But the workout isn’t sustainable; not only does it take a toll on the body, but also the energy levels, which over the hours will be lost with the weight.
The next steps are to heat up even more, to continue losing sweat. This can be done through a variety of ways, but the most popular are the sauna or the excruciating hot baths. Both are followed by wrapping the fighter in towels, continuing the process as their energy decreases even more. At this point, it’s about mental strength, something MMA fighters have in abundance. Something Bola remembers all too well: “The weight cut for me was more pain, but it was temporary pain and mentally I knew it was 24 hours, after that I can drink, hydrate and feel okay.”
Speaking over the busy sounds of the gym, which is full of fighters preparing for their upcoming challenges, Bola explains: “The hardest part of the weight cut for me, I’d say was the dieting, because it took a lot of discipline.”
Dehydration before a fighter is weighed in is the conclusion to the whole process of weight cutting. When done correctly the fight camp is a period of training and dieting that allows a fighter to lose weight while still having an intake of nutrients, allowing them to train effectively. But it is the climax of this process that makes the day of dehydration so much harder. It is the first day the fighter must function without any of the much needed, energy-inducing nutrients they have survived on for the whole fight camp.
For a process that is based so heavily on accuracy, many of the techniques to diet down and dehydrate have been slowly passed on through anecdote and experience of other weight class sports, such as boxing, wrestling and martial arts.
“For most people, it’s important to work with someone who understands your physiology. Someone who understands biology and can understand how much weight for you, is realistic to lose in that 24-hour period,” says Sophie Medlin, lecturer in nutrition and dietetics at King’s College London.
“I feel that in the future dietitians and sports nutritionists could have a really key role in optimising training and performance in fighting. But at the moment a lot of it is done in house and that’s not necessarily the best course of action,” she adds.
Medlin, who also works as a freelance dietitian, discusses her background in intensive care, which has led her to working with combat sport athletes. She speaks passionately about how science can work with the human body and how fragile it can be without it.
Medlin, who airs a compassionate yet authoritative demeanour describes weight cutting as fascinating, but admits: “We don’t know as much as we should do about it.”
Medlin is an example of the introduction of dietitians and nutritionists into the sport. As the epidemic of weight cutting becomes more widely known, less trust is being put into old school techniques and more into scientific knowledge. Something Medlin believes to be a positive move for the athlete’s health.
“In an ideal world, you’d be working with a professional like a dietitian or a sports nutritionist who can help you to practice getting down to that weight category in that time period, so it’s less high pressure right before the fight.”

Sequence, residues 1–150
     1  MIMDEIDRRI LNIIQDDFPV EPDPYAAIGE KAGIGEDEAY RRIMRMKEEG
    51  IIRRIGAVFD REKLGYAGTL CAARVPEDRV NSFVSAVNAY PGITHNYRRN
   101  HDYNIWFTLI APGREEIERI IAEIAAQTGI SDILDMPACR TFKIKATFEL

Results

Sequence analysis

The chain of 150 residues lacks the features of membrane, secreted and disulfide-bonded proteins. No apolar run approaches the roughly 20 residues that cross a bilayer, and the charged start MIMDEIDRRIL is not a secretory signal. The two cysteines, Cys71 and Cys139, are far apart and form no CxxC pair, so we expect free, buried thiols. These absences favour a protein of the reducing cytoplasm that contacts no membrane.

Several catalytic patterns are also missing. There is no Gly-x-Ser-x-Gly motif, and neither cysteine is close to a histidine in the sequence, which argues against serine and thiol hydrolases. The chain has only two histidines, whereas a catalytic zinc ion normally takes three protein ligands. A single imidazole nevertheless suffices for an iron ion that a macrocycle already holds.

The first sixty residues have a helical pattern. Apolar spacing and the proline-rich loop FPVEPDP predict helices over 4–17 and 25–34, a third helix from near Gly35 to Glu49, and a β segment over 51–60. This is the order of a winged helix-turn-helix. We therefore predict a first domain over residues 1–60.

“When I came out the sauna, I was laying down and they put towels over me to remove some excess weight, during that moment, I felt my back cramping, it had never happened to me before, all the other times I’d done it. But this time it hurt, it was strange because I couldn’t breathe properly, I could feel my back spasm,” says Bola.
"I started getting flashbacks to the fight where the episode started, so I could feel my body starting to shut down again." Bola Omoyele
“I said to a couple of my team mates, I can feel my back, I can’t move properly, I can’t breathe. I just thought it’s getting harder, the weight cut is getting harder that was the thought of everyone on the team at the time.”
Bola fought and lost the next day. It was during the fight that he felt his body slowly shutting down. “As soon as the fight was stopped it was like relief, I couldn’t hear anything it was silence, then they rushed me backstage.”
His kidneys had abruptly shut down.
The next day, having been taken to hospital to be rehydrated, Bola was told of his acute kidney injury, the severity of the damage caused by weight cutting. Under instructions to not cut weight or fight again, Bola was forced to question the severity of his situation and the reality of not having achieved what he expected of himself.
Bola admits he didn’t take the doctor’s advice and decided to move up a weight class, from Welterweight (170lbs), back to Middleweight (185lbs), where he began his career, in the hope of avoiding retirement. However, for Bola, it wasn’t long before the effects of weight cutting caught up with him again. “I thought I’ve cracked it now, I can go to middleweight cut a few kilos, it’s less, easier,” explains Bola.
“But this time the fight went longer, it went three rounds. After the first round, again I felt okay, second round came out, I started getting flashbacks to the fight where the episode started, I could feel my body starting to shut down again. So I though wow, oh my god, only I know what’s going through my head, and I’m like oh my god what’s happening? It was happening again […] once your body gives in, there is nothing you can do, no matter who you are.”